Document Type

Honors

Department

Management and Marketing

Abstract

“Real” advertising, or advertising products using more “realistically” sized models, has recently become a notable trend within the fashion and beauty industries. However, little research has been done thus far to reveal the implications of such advertising tactics on consumer attitudes and purchase intention. In other words, this study intends to answer the following question: is this emerging advertising strategy truly effective? The idea of featuring models with body dimensions that more accurately represent the consumer’s body size taps into the concept of self-congruity. Self-congruity, or the level of likeness between consumer self-concept and the typical brand-user image, presents the theoretical framework of this study. In other words, does “real” advertising, or using larger and thus more realistically-sized models, work most effectively when the consumer perceives likeness to the model? This study included 406 adult women between the ages of 18-79 with a mean age of 31.4 years. An online survey was used to investigate the hypotheses. Major findings of the study include evidence to support that using models that participants found to be medium-sized does not result in poor outcomes in advertising effectiveness as measured in purchase intention, brand attitude and attitude towards advertisement. Rather, advertisements featuring models perceived as medium-sized by the participants correlated with more favorable outcomes in term of attitudes toward the advertisement and brand. The results of the data analyses also suggested that self-congruity, particularly actual self-congruity and ideal self-congruity, can be useful in predicting purchase intention, attitude towards advertisement and attitude towards brand.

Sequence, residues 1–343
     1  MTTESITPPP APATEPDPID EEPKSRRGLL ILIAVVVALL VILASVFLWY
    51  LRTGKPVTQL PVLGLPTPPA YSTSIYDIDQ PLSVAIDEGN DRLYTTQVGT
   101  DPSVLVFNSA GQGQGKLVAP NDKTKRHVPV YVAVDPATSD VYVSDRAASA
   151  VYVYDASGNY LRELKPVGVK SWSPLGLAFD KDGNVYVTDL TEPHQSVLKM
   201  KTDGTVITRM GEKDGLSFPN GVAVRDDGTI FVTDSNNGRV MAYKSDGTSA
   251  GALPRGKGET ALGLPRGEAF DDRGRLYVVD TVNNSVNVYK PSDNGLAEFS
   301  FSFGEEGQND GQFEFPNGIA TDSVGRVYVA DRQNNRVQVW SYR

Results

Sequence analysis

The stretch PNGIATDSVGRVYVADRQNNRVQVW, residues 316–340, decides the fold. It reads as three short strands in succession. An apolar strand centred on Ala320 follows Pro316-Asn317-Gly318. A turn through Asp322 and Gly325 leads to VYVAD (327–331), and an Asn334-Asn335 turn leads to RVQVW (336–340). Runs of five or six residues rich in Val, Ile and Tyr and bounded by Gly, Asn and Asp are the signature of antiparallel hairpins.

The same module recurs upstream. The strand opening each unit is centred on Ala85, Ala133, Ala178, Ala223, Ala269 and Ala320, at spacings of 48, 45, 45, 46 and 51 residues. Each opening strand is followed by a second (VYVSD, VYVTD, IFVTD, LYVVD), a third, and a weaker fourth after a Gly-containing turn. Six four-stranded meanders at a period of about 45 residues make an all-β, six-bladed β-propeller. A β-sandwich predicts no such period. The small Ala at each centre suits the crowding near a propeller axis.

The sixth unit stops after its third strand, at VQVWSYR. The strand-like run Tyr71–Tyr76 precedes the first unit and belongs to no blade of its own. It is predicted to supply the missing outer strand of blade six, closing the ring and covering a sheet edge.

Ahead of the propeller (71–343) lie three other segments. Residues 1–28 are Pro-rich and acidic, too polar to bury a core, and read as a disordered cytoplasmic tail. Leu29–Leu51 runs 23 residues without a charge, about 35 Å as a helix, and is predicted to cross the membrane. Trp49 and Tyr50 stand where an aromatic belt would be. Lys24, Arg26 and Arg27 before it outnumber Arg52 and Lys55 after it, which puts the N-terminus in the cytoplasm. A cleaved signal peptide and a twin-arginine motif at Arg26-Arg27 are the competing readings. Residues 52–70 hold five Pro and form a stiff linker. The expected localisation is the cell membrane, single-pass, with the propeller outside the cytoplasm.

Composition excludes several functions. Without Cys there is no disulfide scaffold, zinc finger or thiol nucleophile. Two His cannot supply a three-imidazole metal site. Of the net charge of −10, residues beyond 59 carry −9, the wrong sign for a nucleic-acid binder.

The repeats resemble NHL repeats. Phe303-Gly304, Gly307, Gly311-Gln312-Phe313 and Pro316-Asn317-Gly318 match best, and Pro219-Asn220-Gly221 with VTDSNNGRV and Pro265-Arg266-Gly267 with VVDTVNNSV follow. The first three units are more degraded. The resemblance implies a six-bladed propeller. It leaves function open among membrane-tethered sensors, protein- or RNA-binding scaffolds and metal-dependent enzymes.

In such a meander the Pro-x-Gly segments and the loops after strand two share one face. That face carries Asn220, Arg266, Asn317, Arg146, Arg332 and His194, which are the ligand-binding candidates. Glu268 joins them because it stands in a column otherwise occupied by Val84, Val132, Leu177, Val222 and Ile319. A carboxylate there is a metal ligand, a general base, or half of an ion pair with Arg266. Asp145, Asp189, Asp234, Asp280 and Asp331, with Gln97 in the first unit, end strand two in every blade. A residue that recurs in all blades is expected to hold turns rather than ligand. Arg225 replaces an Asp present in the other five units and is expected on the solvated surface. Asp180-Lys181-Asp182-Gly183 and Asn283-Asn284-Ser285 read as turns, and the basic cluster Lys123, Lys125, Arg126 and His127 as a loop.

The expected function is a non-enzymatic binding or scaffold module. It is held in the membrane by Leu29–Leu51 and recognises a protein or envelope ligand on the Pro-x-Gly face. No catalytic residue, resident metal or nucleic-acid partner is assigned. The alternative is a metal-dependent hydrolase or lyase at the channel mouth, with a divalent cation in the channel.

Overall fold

Creative Commons License

Creative Commons Attribution-Noncommercial 4.0 License
This work is licensed under a Creative Commons Attribution-Noncommercial-Share Alike 4.0 License.

Share

COinS